Alabama Maker Morgan Price Candy Company has sweets for your sweetie on Valentine’s Day

Alabama Maker Morgan Price Candy Company has sweets for your sweetie on Valentine’s Day
Nancy Curl fell in love with Morgan Price's candy, and then she bought the Decatur business. (Karim Shamsi-Basha/Alabama NewsCenter)

The Maker: Nancy Curl

Morgan Price Candy Company, Decatur

Nancy Curl is busier than Cupid during the week leading to Valentine’s Day.

Since last week, Curl and her staff at Morgan Price Candy Co. in Decatur have been working frantically turning out thousands of chocolate-dipped strawberries, their most in-demand sweet for the season.

“We use strawberries that are grown specifically for Valentine’s Day,” said Curl, adding they measure about 2 inches in length and are topped with extremely long stems. “The strawberries just get more and more popular every year. But we have to wait until the week before Valentine’s Day to dip them because of the short shelf life.”

Decatur’s Morgan Price Candy Company is an Alabama Maker with the sweet smell of success from Alabama NewsCenter on Vimeo.

Family recipes

Curl said the first chapter in the candy company’s story was written long before she took the reins in 2010.

Two sisters, Mary Morgan and Margaret Price, started the business in 1987 with their father’s secret pralines recipe and their own version of peanut brittle. Their third specialty was English toffee, which they made using a family recipe that Morgan got from her husband. All three candies are still among Morgan Price’s top sellers, Curl said.

In those early years, the sisters sold most of their candy through the mail. They made their goodies after hours in the kitchens of an area school and a local restaurant.

In 1992, Morgan, who was leading the business alone by that time, opened her own shop to take care of her growing number of requests. Price had been forced to leave the business because she found she was allergic to nuts.

Morgan included gifts with the candy – a practice that is still an important part of the business.

“That way, you can have the candy now and then you can have something nice in the end that you can keep,” Curl said.

Although Morgan’s shop was off the beaten path in a strip mall in a residential area, it became the “go-to store for candy,” Curl said. Along with running the business, Morgan was active in various community and civic organizations in Decatur, which helped spread the word about her candy.

From chocoholic to chocolatier

Curl began working part-time at Morgan’s shop in 2008 after her retirement from a bank.

“I knew Mary because she was a customer at our bank and a volunteer in the community. People would also give me her candy as gifts because everybody knows I’m a chocoholic,” Curl said. “When I retired, I wanted to do something a little different, so I started working at the candy shop part time during the busy seasons to learn the trade.”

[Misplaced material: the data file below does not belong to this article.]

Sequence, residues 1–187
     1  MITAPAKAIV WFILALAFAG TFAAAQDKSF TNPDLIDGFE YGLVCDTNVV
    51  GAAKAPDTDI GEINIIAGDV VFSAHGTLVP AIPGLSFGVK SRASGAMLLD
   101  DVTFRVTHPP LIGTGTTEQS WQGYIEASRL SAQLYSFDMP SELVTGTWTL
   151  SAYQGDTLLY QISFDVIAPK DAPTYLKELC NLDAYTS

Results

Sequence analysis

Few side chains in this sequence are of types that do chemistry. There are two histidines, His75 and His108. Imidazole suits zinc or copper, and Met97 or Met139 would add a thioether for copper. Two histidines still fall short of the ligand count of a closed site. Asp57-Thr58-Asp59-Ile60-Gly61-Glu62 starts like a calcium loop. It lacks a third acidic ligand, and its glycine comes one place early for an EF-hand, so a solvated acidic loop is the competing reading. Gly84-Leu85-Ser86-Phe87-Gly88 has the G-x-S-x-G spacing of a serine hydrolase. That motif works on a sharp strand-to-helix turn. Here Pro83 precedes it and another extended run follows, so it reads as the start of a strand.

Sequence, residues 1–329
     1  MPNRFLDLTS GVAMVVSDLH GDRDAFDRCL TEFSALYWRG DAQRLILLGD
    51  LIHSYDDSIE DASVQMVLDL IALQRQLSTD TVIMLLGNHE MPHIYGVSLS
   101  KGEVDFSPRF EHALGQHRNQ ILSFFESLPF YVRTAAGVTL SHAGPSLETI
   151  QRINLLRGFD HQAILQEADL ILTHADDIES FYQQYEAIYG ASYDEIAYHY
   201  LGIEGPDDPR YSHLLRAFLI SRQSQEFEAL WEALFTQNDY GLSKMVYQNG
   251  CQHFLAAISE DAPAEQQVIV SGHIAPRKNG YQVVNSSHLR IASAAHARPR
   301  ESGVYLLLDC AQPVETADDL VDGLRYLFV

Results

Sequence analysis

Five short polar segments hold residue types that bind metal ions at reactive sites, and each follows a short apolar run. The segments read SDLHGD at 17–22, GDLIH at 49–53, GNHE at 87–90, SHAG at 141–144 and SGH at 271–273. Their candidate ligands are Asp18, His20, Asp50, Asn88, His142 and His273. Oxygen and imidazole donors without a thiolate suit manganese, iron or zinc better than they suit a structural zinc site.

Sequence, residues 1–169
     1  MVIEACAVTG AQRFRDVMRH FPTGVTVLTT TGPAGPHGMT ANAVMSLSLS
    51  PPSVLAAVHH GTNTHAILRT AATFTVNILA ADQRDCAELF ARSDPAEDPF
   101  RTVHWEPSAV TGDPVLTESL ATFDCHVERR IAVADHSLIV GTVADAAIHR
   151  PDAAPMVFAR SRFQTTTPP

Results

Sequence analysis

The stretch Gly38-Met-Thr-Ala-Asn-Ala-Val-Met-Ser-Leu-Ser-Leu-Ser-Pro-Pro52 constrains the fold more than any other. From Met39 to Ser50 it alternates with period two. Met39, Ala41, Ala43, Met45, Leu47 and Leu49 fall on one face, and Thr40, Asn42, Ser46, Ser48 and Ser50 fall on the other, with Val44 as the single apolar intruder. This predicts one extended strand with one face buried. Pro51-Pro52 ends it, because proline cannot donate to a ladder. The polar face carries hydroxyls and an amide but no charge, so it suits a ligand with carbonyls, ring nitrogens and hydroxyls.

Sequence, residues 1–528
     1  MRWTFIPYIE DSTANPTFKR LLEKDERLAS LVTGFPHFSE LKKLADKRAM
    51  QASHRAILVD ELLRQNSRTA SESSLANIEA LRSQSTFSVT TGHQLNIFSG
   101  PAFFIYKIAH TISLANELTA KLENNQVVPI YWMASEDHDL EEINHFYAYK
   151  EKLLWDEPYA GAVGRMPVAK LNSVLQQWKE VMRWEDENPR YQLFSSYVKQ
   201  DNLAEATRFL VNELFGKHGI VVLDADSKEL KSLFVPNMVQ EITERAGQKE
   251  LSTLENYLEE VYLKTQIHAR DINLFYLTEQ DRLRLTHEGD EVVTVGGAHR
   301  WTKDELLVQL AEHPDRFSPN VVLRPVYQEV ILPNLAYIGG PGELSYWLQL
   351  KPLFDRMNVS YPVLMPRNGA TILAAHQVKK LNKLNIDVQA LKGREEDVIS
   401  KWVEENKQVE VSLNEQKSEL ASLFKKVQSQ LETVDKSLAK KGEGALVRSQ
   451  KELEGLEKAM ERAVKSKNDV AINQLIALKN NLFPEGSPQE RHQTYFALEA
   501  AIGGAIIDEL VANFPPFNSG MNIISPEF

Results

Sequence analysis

In 2010, Curl purchased the store from Morgan, who retired and moved to Florida. Curl relocated the shop to a stand-alone building in a more prominent area of the city and remodeled it to allow customers to watch the chocolatiers at work in the kitchen.

“Our shop has become a destination,” Curl said. “We’re a community store. People who stop are actually coming here to buy candy.”

In addition to its local sales, Curl has a large mail order business. Morgan Price has shipped candy to all 50 states and many countries, including Canada, Mexico, Puerto Rico, England, Japan and Korea, as well as to Central and South American nations.

Curl often hires extra staff to make candy during the holidays to handle the increased load.

The busiest season, she said, is Christmas, with many customers placing their orders as early as August. Valentine’s Day is the second-busiest holiday for the store, while Easter is the third most hectic season.

Extra effort

Curl said the chocolatiers each have their own specialty, and her forte is making pralines.

Although Morgan’s English toffee is still one of the most popular items in the company’s product line, Curl said her favorite is Heavenly Bits, made with milk chocolate, pecans and marshmallows. She noted they “just melt in your mouth.”

“We know what our most popular candies are, but it’s still a challenge to really know what the volume is going to be,” Curl said. “When you make candy, it’s hard to know when to stop. People don’t think about buying candy until the last minute, so having the right merchandise mix and the right amount available when people want it is a challenge.”

Along with selling candy and gifts, Curl has expanded her offerings in the summer to include 14 flavors of gelato, the Italian version of ice cream.

Although a large part of Morgan Price’s success is because of the taste and quality of the candy, Curl said presentation has helped set the company apart from its competitors. To that end, the staff focuses a lot of time and attention on packaging. The candy is often packed in cellophane-topped gold boxes decorated with ribbons and including a card.

The bottom line, Curl said, is that Morgan Price candy is “handcrafted in small batches” for freshness.

“It always smells good in here,” she said. “Eating the chocolate candy is my favorite part of the business. I never get tired of it.”


The Product: A wide assortment of freshly made candies.

Take Home: A gift box featuring Morgan Price’s five best-selling candies: English Toffee, Angel Bites, Heavenly Bits, Peanut Brittle and Creamy Pralines. Available in small and large.

Morgan Price Candy Company, 1735 Sixth Ave. SE, Decatur, AL

256-350-2992; www.morganpricecandy.com

 

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